AV: What is it like to sit in a room completely surrounded by darkness?



MDJ: For me, the studio is generative. Being in the studio is a place to work, it’s not a place where ideas come. It’s like Church, and I’ve said this a bunch of times. A Church or a Mosque or a Synagogue are places where people join a community as an expression of faith, but ultimately it’s like a Tuesday when life is asking you difficult questions, and that’s when this reservoir of faith comes to play. I’m likening creativity and awareness to that faith, so the studio is a place to come celebrate it. Ultimately, though, it’s during a Tuesday when you’re taking your kids to school and you see a soggy newspaper with a story that you partially read from three days before, and that’s the thing that starts the engine of creativity.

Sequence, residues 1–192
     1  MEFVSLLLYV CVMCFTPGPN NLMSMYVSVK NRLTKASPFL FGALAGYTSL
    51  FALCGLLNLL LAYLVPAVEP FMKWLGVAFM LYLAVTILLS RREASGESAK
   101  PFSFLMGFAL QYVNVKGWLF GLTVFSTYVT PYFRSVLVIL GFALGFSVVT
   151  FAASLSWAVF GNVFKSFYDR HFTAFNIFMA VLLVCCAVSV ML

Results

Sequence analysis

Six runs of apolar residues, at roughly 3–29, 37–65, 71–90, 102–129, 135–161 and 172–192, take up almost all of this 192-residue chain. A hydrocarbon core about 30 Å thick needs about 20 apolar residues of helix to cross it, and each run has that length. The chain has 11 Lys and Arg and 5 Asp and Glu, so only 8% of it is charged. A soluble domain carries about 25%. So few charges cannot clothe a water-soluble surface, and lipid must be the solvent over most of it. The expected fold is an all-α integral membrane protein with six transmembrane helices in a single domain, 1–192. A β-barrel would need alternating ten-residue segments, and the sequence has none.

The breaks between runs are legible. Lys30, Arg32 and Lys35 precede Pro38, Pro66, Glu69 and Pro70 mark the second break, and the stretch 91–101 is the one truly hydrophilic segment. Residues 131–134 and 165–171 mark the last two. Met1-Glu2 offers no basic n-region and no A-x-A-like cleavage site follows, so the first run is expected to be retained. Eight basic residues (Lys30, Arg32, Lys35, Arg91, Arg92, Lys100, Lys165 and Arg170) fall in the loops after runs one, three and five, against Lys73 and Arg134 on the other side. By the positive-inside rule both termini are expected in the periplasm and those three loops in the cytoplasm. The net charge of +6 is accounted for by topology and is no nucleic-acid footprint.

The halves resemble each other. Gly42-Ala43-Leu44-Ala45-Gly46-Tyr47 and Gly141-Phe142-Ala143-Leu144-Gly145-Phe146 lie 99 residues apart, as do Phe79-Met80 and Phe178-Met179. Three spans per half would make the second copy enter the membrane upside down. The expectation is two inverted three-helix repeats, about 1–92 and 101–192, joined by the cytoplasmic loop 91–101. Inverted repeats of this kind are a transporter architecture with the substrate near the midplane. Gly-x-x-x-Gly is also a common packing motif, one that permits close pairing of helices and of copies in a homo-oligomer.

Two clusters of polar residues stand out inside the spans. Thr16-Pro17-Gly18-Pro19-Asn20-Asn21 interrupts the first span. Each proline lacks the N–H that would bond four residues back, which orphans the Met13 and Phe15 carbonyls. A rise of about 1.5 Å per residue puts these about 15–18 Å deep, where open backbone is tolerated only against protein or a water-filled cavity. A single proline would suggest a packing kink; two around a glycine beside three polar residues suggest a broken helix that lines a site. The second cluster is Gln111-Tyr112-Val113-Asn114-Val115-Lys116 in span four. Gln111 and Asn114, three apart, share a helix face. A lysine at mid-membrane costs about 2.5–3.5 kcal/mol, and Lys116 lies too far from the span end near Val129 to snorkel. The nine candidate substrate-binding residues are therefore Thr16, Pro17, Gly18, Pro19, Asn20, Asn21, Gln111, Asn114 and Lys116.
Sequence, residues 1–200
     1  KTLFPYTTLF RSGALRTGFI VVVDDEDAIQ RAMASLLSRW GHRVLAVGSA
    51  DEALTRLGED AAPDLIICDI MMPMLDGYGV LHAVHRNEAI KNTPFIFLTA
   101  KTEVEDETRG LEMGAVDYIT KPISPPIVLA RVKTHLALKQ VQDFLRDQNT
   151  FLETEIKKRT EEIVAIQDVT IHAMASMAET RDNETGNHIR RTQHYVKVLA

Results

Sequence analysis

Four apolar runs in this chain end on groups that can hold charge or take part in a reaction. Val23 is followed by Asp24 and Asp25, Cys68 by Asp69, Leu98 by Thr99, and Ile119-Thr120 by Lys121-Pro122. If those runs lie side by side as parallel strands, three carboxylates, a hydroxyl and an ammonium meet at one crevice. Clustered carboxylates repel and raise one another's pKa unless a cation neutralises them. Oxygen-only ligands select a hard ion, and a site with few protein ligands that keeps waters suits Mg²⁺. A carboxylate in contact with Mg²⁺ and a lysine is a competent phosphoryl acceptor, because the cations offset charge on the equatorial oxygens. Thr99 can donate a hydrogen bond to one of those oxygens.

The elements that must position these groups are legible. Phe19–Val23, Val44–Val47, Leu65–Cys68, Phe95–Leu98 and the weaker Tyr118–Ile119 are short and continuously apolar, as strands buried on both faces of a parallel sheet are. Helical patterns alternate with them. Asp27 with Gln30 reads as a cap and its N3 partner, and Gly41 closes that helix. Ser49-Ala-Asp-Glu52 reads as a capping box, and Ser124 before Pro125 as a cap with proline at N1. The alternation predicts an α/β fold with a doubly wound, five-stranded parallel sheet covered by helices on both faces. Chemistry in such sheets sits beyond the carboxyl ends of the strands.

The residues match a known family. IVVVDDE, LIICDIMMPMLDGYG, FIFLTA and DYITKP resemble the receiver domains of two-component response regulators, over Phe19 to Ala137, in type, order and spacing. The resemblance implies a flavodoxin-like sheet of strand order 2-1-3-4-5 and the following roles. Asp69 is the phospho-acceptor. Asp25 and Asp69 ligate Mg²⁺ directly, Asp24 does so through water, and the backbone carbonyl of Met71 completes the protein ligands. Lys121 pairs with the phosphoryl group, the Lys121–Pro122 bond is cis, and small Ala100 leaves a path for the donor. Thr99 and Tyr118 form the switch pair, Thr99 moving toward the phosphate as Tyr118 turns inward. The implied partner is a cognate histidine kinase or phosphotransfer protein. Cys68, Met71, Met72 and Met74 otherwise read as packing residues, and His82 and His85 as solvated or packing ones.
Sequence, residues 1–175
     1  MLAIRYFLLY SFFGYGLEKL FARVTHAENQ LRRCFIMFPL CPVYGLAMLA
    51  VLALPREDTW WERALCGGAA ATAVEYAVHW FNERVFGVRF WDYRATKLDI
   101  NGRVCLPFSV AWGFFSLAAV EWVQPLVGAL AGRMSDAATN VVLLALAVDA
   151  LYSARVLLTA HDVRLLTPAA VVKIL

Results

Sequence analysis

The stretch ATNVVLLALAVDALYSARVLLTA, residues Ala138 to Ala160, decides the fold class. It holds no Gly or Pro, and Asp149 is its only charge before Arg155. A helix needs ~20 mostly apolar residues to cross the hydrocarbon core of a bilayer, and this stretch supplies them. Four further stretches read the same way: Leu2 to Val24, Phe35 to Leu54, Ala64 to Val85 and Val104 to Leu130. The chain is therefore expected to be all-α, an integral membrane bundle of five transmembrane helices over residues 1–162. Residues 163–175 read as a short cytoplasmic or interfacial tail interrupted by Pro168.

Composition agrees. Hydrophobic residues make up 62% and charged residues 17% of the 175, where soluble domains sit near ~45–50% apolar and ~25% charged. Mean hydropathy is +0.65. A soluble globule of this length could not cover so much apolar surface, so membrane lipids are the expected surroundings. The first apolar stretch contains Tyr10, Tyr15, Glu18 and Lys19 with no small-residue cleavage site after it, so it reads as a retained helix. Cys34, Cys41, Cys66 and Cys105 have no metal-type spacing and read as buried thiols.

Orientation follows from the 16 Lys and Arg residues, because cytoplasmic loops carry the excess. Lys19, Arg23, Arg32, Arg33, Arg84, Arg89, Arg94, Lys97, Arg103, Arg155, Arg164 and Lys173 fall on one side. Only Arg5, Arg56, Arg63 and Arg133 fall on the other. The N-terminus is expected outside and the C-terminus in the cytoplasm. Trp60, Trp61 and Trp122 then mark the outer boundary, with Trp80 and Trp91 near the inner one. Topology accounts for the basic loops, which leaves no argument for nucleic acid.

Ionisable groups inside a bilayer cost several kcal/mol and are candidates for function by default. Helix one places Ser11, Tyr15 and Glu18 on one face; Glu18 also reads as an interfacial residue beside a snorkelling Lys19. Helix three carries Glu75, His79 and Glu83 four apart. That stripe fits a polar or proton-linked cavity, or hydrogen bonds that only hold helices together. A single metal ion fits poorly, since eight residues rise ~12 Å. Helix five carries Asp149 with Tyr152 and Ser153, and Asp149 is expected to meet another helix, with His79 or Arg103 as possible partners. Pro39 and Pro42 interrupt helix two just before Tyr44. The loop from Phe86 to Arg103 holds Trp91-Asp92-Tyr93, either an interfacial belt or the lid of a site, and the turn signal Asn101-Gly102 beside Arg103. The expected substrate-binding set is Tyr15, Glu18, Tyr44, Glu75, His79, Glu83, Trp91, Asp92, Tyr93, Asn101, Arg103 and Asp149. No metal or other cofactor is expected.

AV: What is the most beautiful thing you’ve ever seen?



MDJ: Well this is kind of corny, but I don’t care if it’s corny. The insane joy of a small child when they’re become aware of something on their own terms. When they’ve accomplished something and they’re like, “WHAT?!” – that’s beautiful. I think as artists we are trying to go back to moments when we don’t necessarily have labels for things, and we’re trying to see something new all the time, even if it’s something we’ve seen 7 million times before. To look at something anew and to think about it, that’s where criticality comes in. When you witness that excitement in kids, it’s awesome and hilarious; it’s a rasa where so many emotions are happening simultaneously, to the point where it makes you weak. You know? Like when you love somebody so much you can feel it, like your heart is stopping.



AV: Absolutely. I always say if I could do something for the first time again, it would be to see the ocean. Can you imagine what that’s like? Do you remember the first time you saw the ocean?